In addition to providing tax assistance, RSVP is also known for offering its Jasper County Ride program to veterans and individuals over age 65. Volunteers are reimbursed mileage for providing medical transportation, allowing people to make crucial visits or appointments to a doctor.

RSVP has numerous other programs, including a speech class for fifth and sixth graders. As a retired teacher, Patterson is a big believer in the class. She said the course would teach kids how to greet people and introduce themselves, look people in the eye when speaking and feel more comfortable with speaking.

Recent budget sessions with the Newton City Council have made officials take a hard look at finances this year, including possible reductions to partner agencies.

Patterson was aware Jasper County RSVP would likely see funding cuts from the city’s partner contributions. While initial proposals reduced the city’s contributions to RSVP from $17,500 down to zero, the council ultimately decided to provide the organization $5,000, to which Patterson was grateful for.

“It was certainly better than what we thought the outcome might be,” she said.

Officials with ISU Extension and Outreach Jasper County — which hosts RSVP in its offices inside DMACC Newton Campus — urged for the organization to still advocate for itself in front of the Newton City Council. Patterson did just that during the March 4 city council meeting during citizen participation.

“The City of Newton has supported us in the past and we would like to thank you for extending a proposed $5,000 this year and we respectfully ask tonight that you consider allotting more money to RSVP and the Ride Program before the final budget approval takes place,” Patterson said at the council meeting.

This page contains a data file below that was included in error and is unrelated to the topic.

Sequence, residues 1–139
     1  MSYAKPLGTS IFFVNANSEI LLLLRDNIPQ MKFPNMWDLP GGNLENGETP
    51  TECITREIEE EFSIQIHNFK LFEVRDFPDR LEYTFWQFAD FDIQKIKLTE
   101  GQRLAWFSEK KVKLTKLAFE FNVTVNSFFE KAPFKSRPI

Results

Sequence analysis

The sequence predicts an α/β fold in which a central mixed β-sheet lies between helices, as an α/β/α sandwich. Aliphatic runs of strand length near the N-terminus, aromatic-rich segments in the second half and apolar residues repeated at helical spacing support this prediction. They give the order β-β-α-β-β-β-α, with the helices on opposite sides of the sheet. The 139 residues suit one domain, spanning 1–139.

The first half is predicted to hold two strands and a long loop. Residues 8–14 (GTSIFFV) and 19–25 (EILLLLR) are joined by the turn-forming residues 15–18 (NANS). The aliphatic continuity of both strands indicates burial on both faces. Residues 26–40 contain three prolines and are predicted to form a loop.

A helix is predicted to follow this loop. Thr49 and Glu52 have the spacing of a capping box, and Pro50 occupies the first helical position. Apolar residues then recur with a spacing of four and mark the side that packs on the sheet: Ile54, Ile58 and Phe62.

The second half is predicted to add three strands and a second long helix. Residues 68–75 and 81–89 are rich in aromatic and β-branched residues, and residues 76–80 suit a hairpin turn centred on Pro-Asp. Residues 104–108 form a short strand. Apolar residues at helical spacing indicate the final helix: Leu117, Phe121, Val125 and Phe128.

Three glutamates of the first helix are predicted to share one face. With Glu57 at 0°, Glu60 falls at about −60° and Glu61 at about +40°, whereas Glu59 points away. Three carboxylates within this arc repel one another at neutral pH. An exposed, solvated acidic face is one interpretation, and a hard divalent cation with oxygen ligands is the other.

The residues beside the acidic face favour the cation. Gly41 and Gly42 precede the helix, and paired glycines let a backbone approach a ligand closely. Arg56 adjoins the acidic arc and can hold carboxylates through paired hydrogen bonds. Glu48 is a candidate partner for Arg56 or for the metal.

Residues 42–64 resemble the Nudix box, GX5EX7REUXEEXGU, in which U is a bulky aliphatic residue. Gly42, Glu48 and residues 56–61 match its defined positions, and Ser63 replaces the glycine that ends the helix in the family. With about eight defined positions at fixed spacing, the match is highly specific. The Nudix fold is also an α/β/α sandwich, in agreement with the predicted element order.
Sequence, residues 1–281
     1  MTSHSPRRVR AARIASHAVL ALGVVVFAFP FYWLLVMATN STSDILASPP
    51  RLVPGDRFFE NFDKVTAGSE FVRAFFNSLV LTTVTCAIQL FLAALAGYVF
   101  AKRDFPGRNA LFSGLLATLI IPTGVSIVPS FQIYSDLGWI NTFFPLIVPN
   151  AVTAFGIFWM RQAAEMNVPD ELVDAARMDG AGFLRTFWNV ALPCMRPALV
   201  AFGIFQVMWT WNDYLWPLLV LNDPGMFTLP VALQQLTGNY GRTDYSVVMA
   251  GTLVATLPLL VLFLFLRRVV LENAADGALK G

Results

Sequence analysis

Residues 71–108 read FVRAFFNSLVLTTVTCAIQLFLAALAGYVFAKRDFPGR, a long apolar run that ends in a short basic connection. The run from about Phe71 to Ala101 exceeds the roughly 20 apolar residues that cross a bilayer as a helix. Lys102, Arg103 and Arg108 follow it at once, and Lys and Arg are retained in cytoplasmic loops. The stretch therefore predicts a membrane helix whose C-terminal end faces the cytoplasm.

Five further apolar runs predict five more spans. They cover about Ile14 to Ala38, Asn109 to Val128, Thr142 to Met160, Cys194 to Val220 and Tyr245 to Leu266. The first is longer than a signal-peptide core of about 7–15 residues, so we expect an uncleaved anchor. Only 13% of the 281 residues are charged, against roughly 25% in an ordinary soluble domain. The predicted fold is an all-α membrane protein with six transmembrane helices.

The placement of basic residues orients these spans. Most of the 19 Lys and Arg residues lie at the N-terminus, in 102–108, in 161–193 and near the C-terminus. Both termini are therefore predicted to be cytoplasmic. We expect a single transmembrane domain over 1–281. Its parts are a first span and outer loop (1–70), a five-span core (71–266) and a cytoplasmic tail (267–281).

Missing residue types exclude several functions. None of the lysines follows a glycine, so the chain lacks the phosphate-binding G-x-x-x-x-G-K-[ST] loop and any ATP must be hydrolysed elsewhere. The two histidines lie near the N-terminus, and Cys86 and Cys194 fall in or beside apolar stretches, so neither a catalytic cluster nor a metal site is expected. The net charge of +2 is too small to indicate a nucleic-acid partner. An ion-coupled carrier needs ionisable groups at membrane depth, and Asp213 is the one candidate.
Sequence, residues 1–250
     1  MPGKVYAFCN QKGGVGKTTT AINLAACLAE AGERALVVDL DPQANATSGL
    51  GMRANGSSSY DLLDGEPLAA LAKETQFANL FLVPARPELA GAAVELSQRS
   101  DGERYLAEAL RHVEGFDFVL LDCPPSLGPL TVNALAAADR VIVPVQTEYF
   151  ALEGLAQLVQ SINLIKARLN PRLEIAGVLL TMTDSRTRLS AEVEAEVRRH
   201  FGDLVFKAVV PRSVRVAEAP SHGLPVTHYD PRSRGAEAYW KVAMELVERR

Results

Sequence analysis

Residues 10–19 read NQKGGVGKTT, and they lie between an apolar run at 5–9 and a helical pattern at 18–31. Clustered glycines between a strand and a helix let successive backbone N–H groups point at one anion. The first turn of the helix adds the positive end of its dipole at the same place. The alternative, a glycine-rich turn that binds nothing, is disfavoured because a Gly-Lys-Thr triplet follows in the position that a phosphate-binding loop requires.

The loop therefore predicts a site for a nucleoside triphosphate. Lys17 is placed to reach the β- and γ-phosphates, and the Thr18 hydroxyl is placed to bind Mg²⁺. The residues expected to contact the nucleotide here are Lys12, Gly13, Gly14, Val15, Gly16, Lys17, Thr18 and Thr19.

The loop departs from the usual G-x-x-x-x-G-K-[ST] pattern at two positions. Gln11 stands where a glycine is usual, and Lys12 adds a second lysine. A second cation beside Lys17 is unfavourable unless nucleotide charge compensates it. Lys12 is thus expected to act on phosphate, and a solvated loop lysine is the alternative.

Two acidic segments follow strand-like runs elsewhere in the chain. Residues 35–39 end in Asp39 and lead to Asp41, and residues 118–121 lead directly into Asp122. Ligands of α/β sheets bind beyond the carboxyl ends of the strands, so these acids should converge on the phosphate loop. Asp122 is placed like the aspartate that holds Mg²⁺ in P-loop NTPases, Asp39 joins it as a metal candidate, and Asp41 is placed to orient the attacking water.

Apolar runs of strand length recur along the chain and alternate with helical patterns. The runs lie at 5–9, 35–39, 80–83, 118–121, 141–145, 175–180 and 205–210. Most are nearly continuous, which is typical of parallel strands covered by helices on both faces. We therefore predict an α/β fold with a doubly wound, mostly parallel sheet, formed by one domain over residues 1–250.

Volunteers at RSVP are 55 years old or older, and she said the organization’s goal is to use their wisdom and experience to make Jasper County and Newton a better place to live. RSVP is helping its community in the schools, the hospital, care facilities, the Salvation Army, congregate meals and more.

Patterson touted RSVP’s Ride Program and noted that the service is addressing eight of the top 12 concerns in the 2022 community needs assessment launched by MercyOne Newton Medical Center and Jasper County Public Health. It is a critical program for the citizens of Newton, she argued.

“Last year we provided 1,024 rides for clients,” Patterson said. “Our volunteers do get compensated for their mileage, which is where our big costs come into play. Last year our monthly mileage reimbursement ranged from $2,000 to $4,000 a month depending on the month.”

There are administrative costs to running the program and all drivers are properly vetted and insured.

“They use their own vehicles. They donate their own time. Which can be hours a day if they go to Iowa City; we have a ride leaving at 5 a.m. this week to take someone to a surgery,” Patterson said. “All of our programs are vital and we believe Jasper County and the City of Newton benefit from having RSVP.”

Christopher Braunschweig

Christopher Braunschweig

Christopher Braunschweig has a strong passion for community journalism and covers city council, school board, politics and general news in Newton, Iowa and Jasper County.